• Make sure that you have in place a comprehensive internet and email policy that clearly delineates the permissible and impermissible uses of the company’s network.  Clearly articulate in the policy that employees should expect no privacy in their online activities while using company-owned computers or mobile devices.  Make sure that, if you determine that monitoring is necessary, you develop a regulated, only-as-necessary plan to prevent potential privacy claims by employees.

    • Consider blocking social networking sites from employees’ internet browsers.  Although this will not prevent employee networking during non-work hours, it will prevent any misuse of the company’s systems during working hours, as well as eliminate a potential diversion that adversely affects employee productivity.

    • Consider taking discovery of employee social networking sites in conjunction with the defense of employment-related lawsuits, including discrimination, wrongful termination, and wage payment actions.  There may be legal obstacles that impede access to employees’ sites, but the sites, if accessed, can prove to be rich sources of information that may be helpful in litigation.  If you cannot obtain a court order requiring the production of the password-protected messages or posts, or the employee’s consent to that production, do not attempt to obtain access via other users.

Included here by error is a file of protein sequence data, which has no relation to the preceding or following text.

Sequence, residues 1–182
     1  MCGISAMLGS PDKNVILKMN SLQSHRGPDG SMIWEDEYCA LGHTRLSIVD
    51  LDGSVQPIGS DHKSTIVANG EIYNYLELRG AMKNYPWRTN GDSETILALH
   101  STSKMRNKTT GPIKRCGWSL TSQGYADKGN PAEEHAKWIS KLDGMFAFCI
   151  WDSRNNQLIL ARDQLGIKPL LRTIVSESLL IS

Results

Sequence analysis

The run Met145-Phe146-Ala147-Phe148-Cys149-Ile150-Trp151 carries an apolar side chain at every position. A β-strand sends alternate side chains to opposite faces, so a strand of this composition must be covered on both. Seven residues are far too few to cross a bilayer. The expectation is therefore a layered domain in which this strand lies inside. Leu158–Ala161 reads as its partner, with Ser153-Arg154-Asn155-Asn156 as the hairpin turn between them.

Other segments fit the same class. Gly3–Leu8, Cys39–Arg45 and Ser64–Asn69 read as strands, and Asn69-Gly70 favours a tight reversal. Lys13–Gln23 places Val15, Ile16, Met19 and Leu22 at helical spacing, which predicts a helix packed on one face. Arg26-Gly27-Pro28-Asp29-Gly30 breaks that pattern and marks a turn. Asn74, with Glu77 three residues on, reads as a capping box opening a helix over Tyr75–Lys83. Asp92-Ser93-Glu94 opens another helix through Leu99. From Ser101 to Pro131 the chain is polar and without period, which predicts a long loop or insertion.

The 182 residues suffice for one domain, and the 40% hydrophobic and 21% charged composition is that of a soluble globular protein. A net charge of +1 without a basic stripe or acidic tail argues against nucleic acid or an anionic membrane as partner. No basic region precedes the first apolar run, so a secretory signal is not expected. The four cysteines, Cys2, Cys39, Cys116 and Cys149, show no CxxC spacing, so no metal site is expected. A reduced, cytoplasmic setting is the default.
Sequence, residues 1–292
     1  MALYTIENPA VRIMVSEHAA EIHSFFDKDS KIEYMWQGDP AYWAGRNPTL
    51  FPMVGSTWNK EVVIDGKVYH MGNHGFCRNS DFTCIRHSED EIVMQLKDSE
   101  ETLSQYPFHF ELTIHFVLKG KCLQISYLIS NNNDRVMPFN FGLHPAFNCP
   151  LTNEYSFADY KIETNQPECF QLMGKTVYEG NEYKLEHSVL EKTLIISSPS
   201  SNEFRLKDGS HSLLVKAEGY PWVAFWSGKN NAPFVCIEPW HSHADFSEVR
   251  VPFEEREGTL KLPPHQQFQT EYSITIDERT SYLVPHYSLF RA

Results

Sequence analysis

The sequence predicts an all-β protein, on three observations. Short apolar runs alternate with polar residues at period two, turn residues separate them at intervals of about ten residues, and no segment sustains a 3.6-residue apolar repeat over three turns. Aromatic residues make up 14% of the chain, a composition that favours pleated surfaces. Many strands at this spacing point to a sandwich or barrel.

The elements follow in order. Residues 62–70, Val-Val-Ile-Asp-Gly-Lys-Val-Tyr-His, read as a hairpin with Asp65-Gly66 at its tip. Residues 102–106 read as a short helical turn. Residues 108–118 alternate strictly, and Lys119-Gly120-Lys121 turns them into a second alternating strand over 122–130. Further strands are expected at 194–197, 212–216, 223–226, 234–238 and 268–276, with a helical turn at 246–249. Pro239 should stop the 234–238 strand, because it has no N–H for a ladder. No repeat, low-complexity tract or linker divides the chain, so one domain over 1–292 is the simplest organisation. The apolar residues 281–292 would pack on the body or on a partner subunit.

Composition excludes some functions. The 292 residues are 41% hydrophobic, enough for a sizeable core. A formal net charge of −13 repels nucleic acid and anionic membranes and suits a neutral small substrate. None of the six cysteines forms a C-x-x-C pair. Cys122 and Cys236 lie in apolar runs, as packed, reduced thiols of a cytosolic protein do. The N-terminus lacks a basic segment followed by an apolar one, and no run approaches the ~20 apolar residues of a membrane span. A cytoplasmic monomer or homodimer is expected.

• Consider developing your own online identities on appropriate and relevant networking websites.  This not only will allow greater authorized access to online activity, but also will allow to you utilize these websites for advertising and business development purposes.

    • Make sure that company-issued mobile devices and employee-owned devices that are linked to the company network are limited as necessary.  Mobile devices can blur the line between on-the-job and
      after-hours activity, so your internet policy should also clearly address the extent to which mobile devices will be monitored or limited.

    • If you have a large number of employees or have a high rate of employee turnover, you may want to consider purchasing special software that is now available to automatically monitor employee social networking information.  Many companies now market monitoring software (e.g., “Social Sentry” marketed by Teneros) that can be used to monitor employee activity (that is otherwise public) at a modest cost.